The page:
Collection: Brought, Bought and Stolen
Review by Stephanie Nadeau
When Joseph Beuys imagined Social Sculpture in the 1960s, he freed creativity from the history of art. He pictured society as a creative collaboration, a work of art that is continually re-produced as each individual finds his own way forward, creating culture by making the world habitable. His politics expanded the scope of art to include social change, and declared creativity a matter of responsible public practice.
What are the implications of that image on the art world now? Certainly there is still something called Art that is the purview of the trained artist and the intellectual, a sphere of inquiry that progresses in the institution and thrives in the marketplace. The gallery system is still framing that inquiry, naming the outsiders and indexing the stars. The struggle to broaden the scope and reach of the art scene in Chicago has had everything to do with envisioning an alternative to this system.
Alternative exhibition spaces thrive in this city. Some host regular programming, while some spaces spring up unexpectedly for a short while before returning to their former states as living rooms and studios. Almost all of them are independently funded and most are artist-run. Their presence in the city distances creative production from a strictly commercial context, and allows artists the freedom to make and exhibit work that is uncertain and risky. New networks are created, collaborations fostered, and discussions facilitated, charging Chicago art culture with a spirit of making and creating that is useful, open, and aligned with Beuysian artistic praxis.
The DIY Chicago art scene has recently expanded by one more venue, accepting into its many variegated folds a small space in the West Loop called Spoke. Tucked above ThreeWalls on the 3rd floor of the 119 Peoria Street building, Spoke is remarkably well positioned to offer challenging programming to a mainstream art audience.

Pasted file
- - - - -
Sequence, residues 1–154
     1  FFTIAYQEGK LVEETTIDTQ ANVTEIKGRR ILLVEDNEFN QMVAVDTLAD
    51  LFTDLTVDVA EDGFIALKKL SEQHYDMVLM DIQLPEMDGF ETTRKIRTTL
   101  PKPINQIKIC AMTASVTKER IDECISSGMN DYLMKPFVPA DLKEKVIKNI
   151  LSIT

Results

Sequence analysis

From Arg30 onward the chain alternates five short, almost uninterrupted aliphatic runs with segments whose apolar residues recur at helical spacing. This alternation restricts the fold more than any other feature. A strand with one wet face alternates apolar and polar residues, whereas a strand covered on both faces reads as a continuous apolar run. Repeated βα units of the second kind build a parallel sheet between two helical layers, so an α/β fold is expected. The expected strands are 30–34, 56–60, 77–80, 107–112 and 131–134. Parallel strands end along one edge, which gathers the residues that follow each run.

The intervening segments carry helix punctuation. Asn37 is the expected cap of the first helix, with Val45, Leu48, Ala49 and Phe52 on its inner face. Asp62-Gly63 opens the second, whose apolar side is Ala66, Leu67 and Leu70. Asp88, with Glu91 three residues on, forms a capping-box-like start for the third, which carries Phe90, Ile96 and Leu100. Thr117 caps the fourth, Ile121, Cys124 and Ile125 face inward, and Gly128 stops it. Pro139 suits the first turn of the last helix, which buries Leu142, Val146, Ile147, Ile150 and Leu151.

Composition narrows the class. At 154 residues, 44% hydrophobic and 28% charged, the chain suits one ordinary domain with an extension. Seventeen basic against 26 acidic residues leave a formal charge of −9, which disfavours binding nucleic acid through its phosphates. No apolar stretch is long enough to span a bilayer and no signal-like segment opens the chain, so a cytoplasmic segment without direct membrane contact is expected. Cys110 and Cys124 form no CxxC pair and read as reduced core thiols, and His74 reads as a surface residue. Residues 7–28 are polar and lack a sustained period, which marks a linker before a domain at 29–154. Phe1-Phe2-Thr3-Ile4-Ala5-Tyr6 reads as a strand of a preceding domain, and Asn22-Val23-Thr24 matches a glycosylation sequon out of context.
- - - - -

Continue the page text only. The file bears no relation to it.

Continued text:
Co-founded by Monica Herrera, Rachel Moore, Heather Mullins, and Rana Siegel, Spoke aims to challenge and re-invent the role of the traditional art gallery, by providing a platform for a diverse range of creative people, projects, and endeavors of all kinds. Their inaugural show, Collection: Brought, Bought and Stolen, is an exhibit by Canadian artists Sarah Febbraro and Jesse Levine, who have decided to use the gallery to exhibit their personal collections.
Levine performed a sample of his music collection at the opening, remixing and manipulating it with added effects and keyboards. In a very nostalgic gesture he also created a mixed CD of songs from his collection, available at Spoke throughout the month.
Febbraro installed 59 works of art acquired as gifts or garage sale purchases, bought on the street, in thrift stores, or rescued from the trash. Comprised of paintings, drawings, collages, a finger puppet, street art and memorabilia, the collection hangs on two walls in the gallery, filling them completely in an earnest and cluttered array. The objects have been arranged on the walls en masse, without labels or identification, too close to one another to be considered individually.
Her collection champions the novice and the outsider, and is political in the way that an artist’s living room might be. A beautifully hand-drawn poster of Barack Obama hangs near handy-craft Christmas tree ornaments, opposite a colored pencil Spiderman drawing from an artist on Monroe Street, pinned up under a large and terrible oil painting of a leering, green baby.
Taste is not the validating context for the work in this exhibition. In fact the work is not the work in this exhibition. Febbraro and Levine have framed their collections within the gallery as a gesture intended to broaden the definition of artistic practice, allowing the scope of theirs to include the quotidian ways in which they accumulate and value the creative work of others.